Diversity and composition of gut protist in young rural Zimbabwean children

Lorraine Tsitsi Pfavayi, Elopy N Sibanda, Stephen Baker, Mark Woolhouse, Takafira Mduluza, Francisca Mutapi

Research output: Contribution to journalArticlepeer-review

Abstract / Description of output

Background: The human gut microbiome harbours diverse species of archaea, bacteria, fungi, protists and viruses. To date, most gut microbiome studies have focused on bacteria, neglecting other microbial communities. Consequently, less is known about the diversity and abundance of the latter. Here, we aimed to characterise the diversity and composition of protists in the gut of preschool-aged children (PSAC) in rural Zimbabwe relative to host age, sex, and schistosome infection status.The gut protist of 113 PSAC (1-5 years) was examined via shotgun metagenomic sequencing and analysed for diversity. Variation in protist abundance with host and environmental factors was analysed by permutational multivariate analysis of variance (PERMANOVA). To investigate how the composition of specific taxa varies across age, sex, nutritional measures and Schistosoma hematobium infection status, analysis of the composition of microbiomes (ANCOM) was used.Results: Eighty protist genera were identified, and the most abundant genera detected was Blastocystis. The prevalence of pathogenic protists was comparatively low, with 12.4% and 3.4% of the participants' gut colonised by E. histolytica and Cryptosporidium, respectively. Of all the independent variables only S. haematobium infection showed significant relationship with the structure of the gut protist, being associated with increases in Peronospora, Pseudoperonospora, Plasmopara and Blastocystis (FDR= 0.009).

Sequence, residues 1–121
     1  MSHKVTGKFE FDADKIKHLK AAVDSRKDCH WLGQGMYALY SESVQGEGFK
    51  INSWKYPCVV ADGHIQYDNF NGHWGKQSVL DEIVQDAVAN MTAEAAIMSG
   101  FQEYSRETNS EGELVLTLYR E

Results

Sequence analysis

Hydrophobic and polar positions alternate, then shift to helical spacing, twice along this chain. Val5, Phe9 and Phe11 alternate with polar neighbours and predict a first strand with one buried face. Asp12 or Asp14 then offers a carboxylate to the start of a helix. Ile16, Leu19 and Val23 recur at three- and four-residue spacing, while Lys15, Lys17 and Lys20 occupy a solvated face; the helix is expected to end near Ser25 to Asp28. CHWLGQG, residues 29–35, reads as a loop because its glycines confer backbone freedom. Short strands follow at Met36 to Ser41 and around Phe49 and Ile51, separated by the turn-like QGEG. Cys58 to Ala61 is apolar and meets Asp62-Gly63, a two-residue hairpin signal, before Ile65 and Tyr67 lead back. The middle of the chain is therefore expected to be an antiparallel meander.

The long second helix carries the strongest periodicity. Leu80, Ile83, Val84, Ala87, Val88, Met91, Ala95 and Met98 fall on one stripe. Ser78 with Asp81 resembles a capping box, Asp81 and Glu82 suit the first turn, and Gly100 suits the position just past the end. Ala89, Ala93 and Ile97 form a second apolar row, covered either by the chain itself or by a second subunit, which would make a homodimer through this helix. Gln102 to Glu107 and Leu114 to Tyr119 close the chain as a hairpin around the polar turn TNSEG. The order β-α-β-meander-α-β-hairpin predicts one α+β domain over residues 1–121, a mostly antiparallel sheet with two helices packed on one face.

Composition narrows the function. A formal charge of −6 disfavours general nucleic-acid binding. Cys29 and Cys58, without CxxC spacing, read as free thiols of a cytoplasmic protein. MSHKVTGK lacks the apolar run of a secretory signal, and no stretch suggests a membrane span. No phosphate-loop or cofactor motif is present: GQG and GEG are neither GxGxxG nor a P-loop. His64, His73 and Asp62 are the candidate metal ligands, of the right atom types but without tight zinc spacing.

Original languageEnglish
Article number1399160
Number of pages12
JournalFrontiers in Microbiomes
Publication statusAccepted/In press - 6 May 2024


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